Accessing the Future: Beyond the Traditional Microfinance Space

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Jan 2012
Washington, US, January, 07 2012 - In five years, how will the poor be accessing financial services? If we could step back in time to 2006 with the microfinance sector scaling rapidly across the globe, it would have been hard to imagine that today mobile money users would outstrip all banked individuals in some countries, or that in other countries commercial banks would have overtaken microfinance institution (MFI) outreach to the poor in just a few years.

CGAP reports that 2.7 million people globally remain unbanked around the world, a gap that requires a depth and breadth of financial services to truly address.  We’ve learned that scale alone is not the answer; it must be accompanied by approaches that keep client well-being at the center.  However, we still have not found an approach that meets this challenge in a way that addresses both scale and client needs at the same time.  There are a number of intriguing scenarios for how the poor could be accessing appropriate financial products and services in the future, all of which draw on players beyond the traditional microfinance space.  Here are three potential scenarios:

1) Mobile money makes the leap to mobile financial services.  Mobile money (payments and transfers) is scaling in a handful of countries, but we have yet to see a truly scalable link between mobile money and mobile financial services (credit, savings, or insurance products delivered via the phone).   To do so requires resolution of two major hurdles: 1) The interoperability challenge needs to be addressed, since few mobile network operators have the dominant market share that, for example, Safaricom did in Kenya when it launched M-Pesa; and 2) The business model conundrum must be solved: creating a viable business model for all parties in a joint bank-mobile network operator approach has emerged as one of the key hurdles.

2) Agile fringe providers – such as pawnshops in the Philippines – are able to innovate with client-centered products much faster and more nimbly than banks, MFIs or mobile network operators.  These fringe providers start to incorporate mobile phone technology in a way that allows cost-effective outreach to rural and remote populations. From the client perspective, many prefer the flexibility and accessibility of these offerings, although a potential drawback is that with many small, nimble providers, it is more difficult to ensure client protection.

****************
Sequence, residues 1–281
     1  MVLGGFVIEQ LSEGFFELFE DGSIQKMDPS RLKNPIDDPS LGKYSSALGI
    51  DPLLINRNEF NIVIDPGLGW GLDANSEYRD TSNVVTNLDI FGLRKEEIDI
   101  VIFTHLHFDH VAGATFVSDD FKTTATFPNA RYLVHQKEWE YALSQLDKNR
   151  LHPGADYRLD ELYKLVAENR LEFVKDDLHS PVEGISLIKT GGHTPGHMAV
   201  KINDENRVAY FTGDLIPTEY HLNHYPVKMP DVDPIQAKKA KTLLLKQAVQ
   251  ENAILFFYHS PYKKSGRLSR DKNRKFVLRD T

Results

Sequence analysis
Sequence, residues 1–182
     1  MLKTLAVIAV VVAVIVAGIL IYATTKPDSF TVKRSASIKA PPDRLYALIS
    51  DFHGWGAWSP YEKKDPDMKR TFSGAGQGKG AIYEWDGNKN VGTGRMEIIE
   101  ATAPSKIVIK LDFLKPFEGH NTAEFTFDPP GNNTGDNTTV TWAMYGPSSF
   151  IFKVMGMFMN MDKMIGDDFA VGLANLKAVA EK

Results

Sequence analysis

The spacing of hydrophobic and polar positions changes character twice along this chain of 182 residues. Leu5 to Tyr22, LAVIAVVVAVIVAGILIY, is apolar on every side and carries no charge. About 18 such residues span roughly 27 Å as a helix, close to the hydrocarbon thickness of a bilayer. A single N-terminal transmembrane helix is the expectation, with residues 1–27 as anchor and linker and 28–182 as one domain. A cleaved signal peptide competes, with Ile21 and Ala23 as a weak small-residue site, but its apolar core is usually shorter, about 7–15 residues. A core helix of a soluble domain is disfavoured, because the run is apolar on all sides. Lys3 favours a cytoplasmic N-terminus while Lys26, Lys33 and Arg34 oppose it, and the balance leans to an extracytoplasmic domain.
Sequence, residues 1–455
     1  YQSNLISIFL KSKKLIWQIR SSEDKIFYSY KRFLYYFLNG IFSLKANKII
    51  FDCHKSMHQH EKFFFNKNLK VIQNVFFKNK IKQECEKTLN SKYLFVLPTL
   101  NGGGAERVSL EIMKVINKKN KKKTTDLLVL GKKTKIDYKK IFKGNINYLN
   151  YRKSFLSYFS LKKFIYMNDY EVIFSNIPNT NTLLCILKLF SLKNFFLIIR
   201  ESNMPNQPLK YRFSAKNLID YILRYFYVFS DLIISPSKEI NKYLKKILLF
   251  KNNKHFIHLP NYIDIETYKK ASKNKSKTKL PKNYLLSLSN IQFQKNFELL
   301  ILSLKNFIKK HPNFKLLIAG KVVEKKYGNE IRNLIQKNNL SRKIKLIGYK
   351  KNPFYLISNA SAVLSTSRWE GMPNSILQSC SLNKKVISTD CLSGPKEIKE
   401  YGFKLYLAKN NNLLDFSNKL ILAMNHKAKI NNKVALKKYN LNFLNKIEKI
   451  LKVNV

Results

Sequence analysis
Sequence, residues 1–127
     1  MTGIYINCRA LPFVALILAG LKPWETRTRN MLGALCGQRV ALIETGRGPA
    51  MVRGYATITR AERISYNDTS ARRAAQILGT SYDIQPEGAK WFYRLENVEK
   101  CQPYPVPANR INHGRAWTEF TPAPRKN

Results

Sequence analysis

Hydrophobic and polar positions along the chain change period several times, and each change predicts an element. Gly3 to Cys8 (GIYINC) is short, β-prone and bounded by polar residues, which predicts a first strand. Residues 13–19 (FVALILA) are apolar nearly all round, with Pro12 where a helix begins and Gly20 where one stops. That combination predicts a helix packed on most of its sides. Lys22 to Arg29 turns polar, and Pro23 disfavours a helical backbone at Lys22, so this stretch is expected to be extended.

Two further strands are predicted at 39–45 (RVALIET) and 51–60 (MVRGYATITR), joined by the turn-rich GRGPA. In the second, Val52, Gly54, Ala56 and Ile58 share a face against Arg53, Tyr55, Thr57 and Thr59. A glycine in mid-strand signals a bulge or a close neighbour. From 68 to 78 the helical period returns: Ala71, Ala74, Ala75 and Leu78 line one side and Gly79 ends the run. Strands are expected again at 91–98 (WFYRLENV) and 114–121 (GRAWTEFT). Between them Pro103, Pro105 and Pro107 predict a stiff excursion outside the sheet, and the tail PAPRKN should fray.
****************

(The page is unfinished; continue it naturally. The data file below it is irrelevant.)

3) Microfinance institutions reinvent themselves as banking correspondents, or other similar “servicer” intermediaries.  Such an approach, in partnership with commercial banks, allows outreach to the poor in an efficient way.  The value the MFIs bring to the table in this scenario is knowledge of how to reach and relate to the poor, how to design products and services that meet the needs of different client segments, and the efficiencies that come from streamlined field force management.  The banks bring economies of scale, back-end systems, and capital. We are seeing MFIs such as Cashpor in India embrace a banking correspondent approach, at the same time leveraging the mobile phone for efficiencies and scale.  Nevertheless, it remains to be seen if this is a model that will flourish in other regulatory environments.

These are but three approaches that have potential to address both the supply-demand gap and client needs.  There are surely many more innovative models that will be in play five years from now, but I expect most will reflect the common themes across these three approaches above: 1) the role of a digitized device like the mobile phone to drive outreach and scale; 2) shift from a one-size-fits-all approach to regionally-tailored models, and 3) engagement of a variety of actors and channels who we haven’t traditionally thought of as being part of microfinance.



 

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